وَ لَئِنۡ شِئۡنَا لَنَذۡہَبَنَّ بِالَّذِیۡۤ اَوۡحَیۡنَاۤ اِلَیۡکَ ثُمَّ لَا تَجِدُ لَکَ بِہٖ عَلَیۡنَا وَکِیۡلًا ﴿ۙ۸۷﴾
وَلَئِن شِئۡنَا لَنَذۡهَبَنَّ بِٱلَّذِيٓ أَوۡحَيۡنَآ إِلَيۡكَ ثُمَّ لَا تَجِدُ لَكَ بِهِۦ عَلَيۡنَا وَكِيلًا
1648. The verse seems to imply a prophecy that a time would come when Quranic knowledge would depart from the earth. A similar prophecy of the Holy Prophet has been reported by Merdawaih, Baihaqi and Ibn-e-Majah that there would come a time when the kernel and spirit of the Qur’an would disappear from the earth, and not all the so-called mystics and Sufis of the time claiming, like their Jewish prototypes, to possess supernatural powers, would be able to restore it with their concerted efforts. (close)
The present verse furnishes further evidence in support of what has been said in the previous verse. The words of the present verse appear to be addressed to the Holy Prophet but as a matter of fact they are not. As the question referred to in the previous verse was not asked by him, so the answer is evidently meant for those who had asked it. The verse means to say that the human soul is so weak that, far from revealing new spiritual truths, it is incapable even of reproducing those already revealed if they happen to disappear from the world.
The verse also implies a prophecy that a time would come when Quranic knowledge would depart from the earth. A similar prophecy of the Holy Prophet has been reported by Ibn Merdawaih and by Baihaqi and Ibn Majah that there would come a time when the kernel and spirit of the Quran would disappear from the earth and not all the so-called mystics and sufis of the time claiming, like their Jewish prototypes, to possess supernatural powers would be able to restore it with their concerted effort. (close)
اِلَّا رَحۡمَۃً مِّنۡ رَّبِّکَ ؕ اِنَّ فَضۡلَہٗ کَانَ عَلَیۡکَ کَبِیۡرًا ﴿۸۸﴾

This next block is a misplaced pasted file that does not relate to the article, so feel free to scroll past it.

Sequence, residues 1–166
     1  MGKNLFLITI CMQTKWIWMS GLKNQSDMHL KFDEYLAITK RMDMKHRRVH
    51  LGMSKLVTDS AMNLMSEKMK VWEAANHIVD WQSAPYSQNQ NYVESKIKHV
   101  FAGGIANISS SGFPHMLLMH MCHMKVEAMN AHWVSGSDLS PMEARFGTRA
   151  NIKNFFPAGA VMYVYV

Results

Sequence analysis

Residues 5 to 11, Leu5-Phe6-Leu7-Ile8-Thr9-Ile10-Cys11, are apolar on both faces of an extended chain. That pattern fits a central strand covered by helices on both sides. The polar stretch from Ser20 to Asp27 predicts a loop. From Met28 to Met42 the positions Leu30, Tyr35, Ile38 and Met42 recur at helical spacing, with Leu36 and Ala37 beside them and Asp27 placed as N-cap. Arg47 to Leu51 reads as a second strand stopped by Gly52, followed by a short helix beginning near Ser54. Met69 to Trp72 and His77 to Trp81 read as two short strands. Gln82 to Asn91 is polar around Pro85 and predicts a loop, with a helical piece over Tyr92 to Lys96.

إِلَّا رَحۡمَةٗ مِّن رَّبِّكَۚ إِنَّ فَضۡلَهُۥ كَانَ عَلَيۡكَ كَبِيرٗا
a. 28:87. (close)
a. 28:87. (close)
The meaning of the expression, Surely, His grace towards thee is great, among other things, is that when the spirit of the Quran disappeared from the world and its letter only remained, God alone could and would bring it back. (close)
قُلۡ لَّئِنِ اجۡتَمَعَتِ الۡاِنۡسُ وَ الۡجِنُّ عَلٰۤی اَنۡ یَّاۡتُوۡا بِمِثۡلِ ہٰذَا الۡقُرۡاٰنِ لَا یَاۡتُوۡنَ بِمِثۡلِہٖ وَ لَوۡ کَانَ بَعۡضُہُمۡ لِبَعۡضٍ ظَہِیۡرًا ﴿۸۹﴾
قُل لَّئِنِ ٱجۡتَمَعَتِ ٱلۡإِنسُ وَٱلۡجِنُّ عَلَىٰٓ أَن يَأۡتُواْ بِمِثۡلِ هَٰذَا ٱلۡقُرۡءَانِ لَا يَأۡتُونَ بِمِثۡلِهِۦ وَلَوۡ كَانَ بَعۡضُهُمۡ لِبَعۡضٖ ظَهِيرٗا
b. 2:24; 10:39; 11:14; 62:35. (close)
1649. The challenge is held out in the first place to those people who indulge in occult practices that they should summon to their aid the hidden spirits from whom they claim to receive spiritual knowledge. The challenge also stands for all time to all people who deny the Divine origin of the Holy Qur’an. (close)
b. 2:24; 10:39; 11:14; 52:35. (close)
This verse confirms the interpretation of the two preceding verses, for it develops the argument embodied in them. It holds out the challenge to those who indulge in occult practices and by means of these practices claim to receive spiritual knowledge from the departed spirits that, if they seriously think their claim to possess any substance, then let all of them assemble together and summon to their aid the hidden spirits which they think can communicate to them the knowledge of spiritual matters, and with their concerted and combined effort produce a book like the Quran. If they failed to produce such a book, and most certainly they would fail if they ever made such an attempt, then the falsity of their claim to receive spiritual knowledge from departed spirits would become established beyond doubt as also would their assertion that the Holy Prophet had acquired the knowledge contained in the Quran by means of certain spiritual exercises. (close)